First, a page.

Unlike the anti-Semitism of old, when hatred of Jews often emanated from right-wing nationalist movements, today’s hatred springs from the left. Witness the cartoons in left-wing magazines and newspapers, which rival the works of Nazi editor Julius Streicher; academic boycotts of Jewish scholars in universities; and the ongoing vitriol from the U.N., which, at its Durban summit in 2001, held the largest anti-Semitic pep rally since the one in Nuremberg 60 years earlier. The new anti-Semitism runs across the political spectrum, national borders, and economic lines.

There are ways to combat this new wave of hate, but let me suggest something unusual. I believe that the place to start fighting anti-Semitism is within our own communities. We should join forces in one strong, clear voice. Jewish organizations, as I know all too well, can get bogged down with in-fighting. Let us take the long view, recognize where the danger really is, and work together to stop it.

Rabbi Akiva said, “Love thy fellow as you love yourself. This is one of the great lessons of the Torah.” With a unified voice, the Jewish people can accomplish miracles. We’ve done it before. We must work together now, because the alternative is too painful to contemplate.

Republished with permission from KosherSpirit.com.


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COMMENTS

Great

Posted by: Jerry on Jan 18, 2007

Way to go Ronald!

The positive side

Posted by: Liz. on Jan 18, 2007

Look at the positive side. There are Jews that still proclaim their Judaism in public and are proud to be openly observant Jews despite all the threats of anti-semitism and all the evil Jews have been through in history. The fact that they still believe in god is something to be proud of.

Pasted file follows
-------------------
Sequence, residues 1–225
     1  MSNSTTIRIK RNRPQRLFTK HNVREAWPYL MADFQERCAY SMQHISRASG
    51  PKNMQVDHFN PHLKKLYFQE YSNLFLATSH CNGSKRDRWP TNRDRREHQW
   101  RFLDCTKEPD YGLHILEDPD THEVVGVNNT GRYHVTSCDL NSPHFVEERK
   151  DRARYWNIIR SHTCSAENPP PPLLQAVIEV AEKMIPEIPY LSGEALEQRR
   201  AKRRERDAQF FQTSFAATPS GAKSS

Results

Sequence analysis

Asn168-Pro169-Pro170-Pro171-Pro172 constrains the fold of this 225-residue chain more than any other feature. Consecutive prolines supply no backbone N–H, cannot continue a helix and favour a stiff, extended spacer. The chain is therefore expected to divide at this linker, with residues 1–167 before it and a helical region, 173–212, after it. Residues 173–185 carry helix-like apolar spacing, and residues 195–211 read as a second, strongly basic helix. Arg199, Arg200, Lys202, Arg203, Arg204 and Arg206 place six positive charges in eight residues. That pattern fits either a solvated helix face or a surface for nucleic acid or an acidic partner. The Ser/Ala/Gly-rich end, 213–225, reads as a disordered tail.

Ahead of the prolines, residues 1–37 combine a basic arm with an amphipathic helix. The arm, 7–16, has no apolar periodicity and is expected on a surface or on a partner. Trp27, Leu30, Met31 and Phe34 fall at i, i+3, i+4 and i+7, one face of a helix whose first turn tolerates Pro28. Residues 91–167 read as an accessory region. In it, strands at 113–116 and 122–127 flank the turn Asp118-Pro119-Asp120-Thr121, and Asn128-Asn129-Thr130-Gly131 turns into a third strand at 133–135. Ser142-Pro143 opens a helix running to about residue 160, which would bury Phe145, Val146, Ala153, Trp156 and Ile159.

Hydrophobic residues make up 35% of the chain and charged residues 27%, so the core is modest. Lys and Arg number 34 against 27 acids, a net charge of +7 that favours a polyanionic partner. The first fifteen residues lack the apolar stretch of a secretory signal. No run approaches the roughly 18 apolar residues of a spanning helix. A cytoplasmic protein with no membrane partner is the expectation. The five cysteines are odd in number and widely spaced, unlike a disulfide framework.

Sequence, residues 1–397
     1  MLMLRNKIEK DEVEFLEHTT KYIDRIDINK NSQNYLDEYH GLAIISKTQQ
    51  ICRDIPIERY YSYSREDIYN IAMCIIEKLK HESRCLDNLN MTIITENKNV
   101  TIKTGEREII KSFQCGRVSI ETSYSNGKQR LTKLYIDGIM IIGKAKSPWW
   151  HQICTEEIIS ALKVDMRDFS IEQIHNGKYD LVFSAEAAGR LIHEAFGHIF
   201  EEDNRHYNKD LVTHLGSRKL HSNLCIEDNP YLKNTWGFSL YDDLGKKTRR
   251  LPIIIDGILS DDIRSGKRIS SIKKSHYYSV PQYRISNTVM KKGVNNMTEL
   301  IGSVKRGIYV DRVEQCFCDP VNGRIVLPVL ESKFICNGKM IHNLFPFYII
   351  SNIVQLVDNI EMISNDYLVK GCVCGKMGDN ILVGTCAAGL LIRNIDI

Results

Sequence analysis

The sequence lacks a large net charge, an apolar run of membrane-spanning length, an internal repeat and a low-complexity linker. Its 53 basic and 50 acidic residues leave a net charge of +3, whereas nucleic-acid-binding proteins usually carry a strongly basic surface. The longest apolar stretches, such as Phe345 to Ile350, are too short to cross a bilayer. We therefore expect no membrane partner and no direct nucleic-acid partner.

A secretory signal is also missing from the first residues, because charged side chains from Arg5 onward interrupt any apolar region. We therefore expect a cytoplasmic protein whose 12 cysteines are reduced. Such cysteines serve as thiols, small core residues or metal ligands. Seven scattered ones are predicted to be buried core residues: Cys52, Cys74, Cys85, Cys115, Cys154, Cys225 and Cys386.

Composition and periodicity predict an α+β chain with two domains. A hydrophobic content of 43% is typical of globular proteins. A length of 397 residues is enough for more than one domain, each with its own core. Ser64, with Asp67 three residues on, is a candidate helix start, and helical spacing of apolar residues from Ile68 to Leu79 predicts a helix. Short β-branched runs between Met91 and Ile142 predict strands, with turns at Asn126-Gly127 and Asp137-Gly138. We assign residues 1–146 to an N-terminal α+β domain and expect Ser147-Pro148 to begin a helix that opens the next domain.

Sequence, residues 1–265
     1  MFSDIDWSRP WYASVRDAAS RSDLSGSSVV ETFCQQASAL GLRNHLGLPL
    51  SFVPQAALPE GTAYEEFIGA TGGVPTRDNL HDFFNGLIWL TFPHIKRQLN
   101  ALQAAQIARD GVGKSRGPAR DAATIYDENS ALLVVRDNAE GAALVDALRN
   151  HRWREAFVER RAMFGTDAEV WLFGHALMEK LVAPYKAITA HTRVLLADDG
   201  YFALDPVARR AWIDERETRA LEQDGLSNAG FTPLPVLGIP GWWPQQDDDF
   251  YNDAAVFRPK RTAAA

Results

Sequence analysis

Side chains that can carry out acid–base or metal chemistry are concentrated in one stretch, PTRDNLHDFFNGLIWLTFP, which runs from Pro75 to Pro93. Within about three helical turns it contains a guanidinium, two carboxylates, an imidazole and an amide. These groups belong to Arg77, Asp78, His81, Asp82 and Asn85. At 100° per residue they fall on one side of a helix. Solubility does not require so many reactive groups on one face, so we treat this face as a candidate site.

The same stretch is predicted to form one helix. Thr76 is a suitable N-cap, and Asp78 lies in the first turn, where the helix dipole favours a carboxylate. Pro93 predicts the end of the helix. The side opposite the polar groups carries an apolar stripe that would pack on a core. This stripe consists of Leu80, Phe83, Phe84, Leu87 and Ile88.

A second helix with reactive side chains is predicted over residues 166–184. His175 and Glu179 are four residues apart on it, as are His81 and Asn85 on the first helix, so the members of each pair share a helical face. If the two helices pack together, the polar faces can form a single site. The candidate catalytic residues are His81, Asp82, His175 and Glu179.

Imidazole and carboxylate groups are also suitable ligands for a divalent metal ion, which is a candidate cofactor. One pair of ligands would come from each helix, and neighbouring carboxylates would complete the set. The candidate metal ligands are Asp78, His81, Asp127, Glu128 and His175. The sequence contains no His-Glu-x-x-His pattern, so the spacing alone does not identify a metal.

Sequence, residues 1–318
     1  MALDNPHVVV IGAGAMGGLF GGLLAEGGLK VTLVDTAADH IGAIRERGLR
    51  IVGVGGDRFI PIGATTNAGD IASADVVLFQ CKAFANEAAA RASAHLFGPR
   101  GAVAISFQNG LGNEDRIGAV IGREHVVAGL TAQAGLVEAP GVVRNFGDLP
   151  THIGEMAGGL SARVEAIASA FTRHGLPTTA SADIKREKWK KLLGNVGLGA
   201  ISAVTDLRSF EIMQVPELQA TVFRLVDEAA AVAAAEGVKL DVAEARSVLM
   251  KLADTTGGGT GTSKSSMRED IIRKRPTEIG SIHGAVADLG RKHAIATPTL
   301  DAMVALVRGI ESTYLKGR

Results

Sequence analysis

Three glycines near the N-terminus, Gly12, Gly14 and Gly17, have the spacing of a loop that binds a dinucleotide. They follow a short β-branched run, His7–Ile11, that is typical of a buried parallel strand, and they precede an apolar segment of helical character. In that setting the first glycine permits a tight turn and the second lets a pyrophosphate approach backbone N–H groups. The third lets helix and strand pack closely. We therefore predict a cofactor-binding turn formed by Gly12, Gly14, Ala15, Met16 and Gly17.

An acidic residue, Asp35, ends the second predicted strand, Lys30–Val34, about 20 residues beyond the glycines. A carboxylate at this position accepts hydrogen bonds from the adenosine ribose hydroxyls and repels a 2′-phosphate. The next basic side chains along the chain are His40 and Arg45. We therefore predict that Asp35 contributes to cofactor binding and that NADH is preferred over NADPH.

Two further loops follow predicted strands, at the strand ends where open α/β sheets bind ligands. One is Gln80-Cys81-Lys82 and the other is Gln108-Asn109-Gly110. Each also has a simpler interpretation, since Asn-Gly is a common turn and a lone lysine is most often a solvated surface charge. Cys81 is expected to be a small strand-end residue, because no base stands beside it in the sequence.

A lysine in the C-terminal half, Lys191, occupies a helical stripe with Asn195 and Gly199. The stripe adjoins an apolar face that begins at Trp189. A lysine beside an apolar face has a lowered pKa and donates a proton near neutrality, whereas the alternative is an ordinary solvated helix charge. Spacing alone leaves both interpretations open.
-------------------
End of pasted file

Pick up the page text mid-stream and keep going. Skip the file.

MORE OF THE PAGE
Editor's Comment

The Chofetz Chaim, reportedly, once turned to G-d in prayer: The time has come for Moshiach to arrive. The purpose of exile was supposed to teach the Jews a lesson, to be more fervent in their religious pursuit, yet we see that so many Jews today who are not religious because of the exile, the exile is therefore counterproductive and should come to an end. And of the Jews that are still religious today, the fact they can still believe in G-d and observe His commands in the face of all the persecution and injustice is a feat in itself worthy of the Messianic redemption.
Torah
Torah is G–d’s teaching to man. In general terms, we refer to the Five Books of Moses as “The Torah.” But in truth, all Jewish beliefs and laws are part of the Torah.
Abraham
First Jew, and first of our three Patriarchs. Born into a pagan society in Mesepotamia in 1812 BCE, he discovered monethieism on his own. He was told by G-d to journey to the Land of Canaan where he and his wife Sarah would give birth to the Jewish People.
Sarah
First Jewess, first of the four Jewish Matriarchs, wife of Abraham--the first Jew. Lived in Mesopotamia, and then Canaan, in the 19th century BCE.
Jacob
Third of the three Patriarchs and father of the Twelve Tribes. Lived most his life in Canaan and died in Egypt in 1505 BCE. Also known by the name of "Israel."
Isaac
Second of the three Jewish Patriarchs, son of Abraham and Sarah. Lived in Canaan (Israel); b. 1712 BCE, d. 1532 BCE.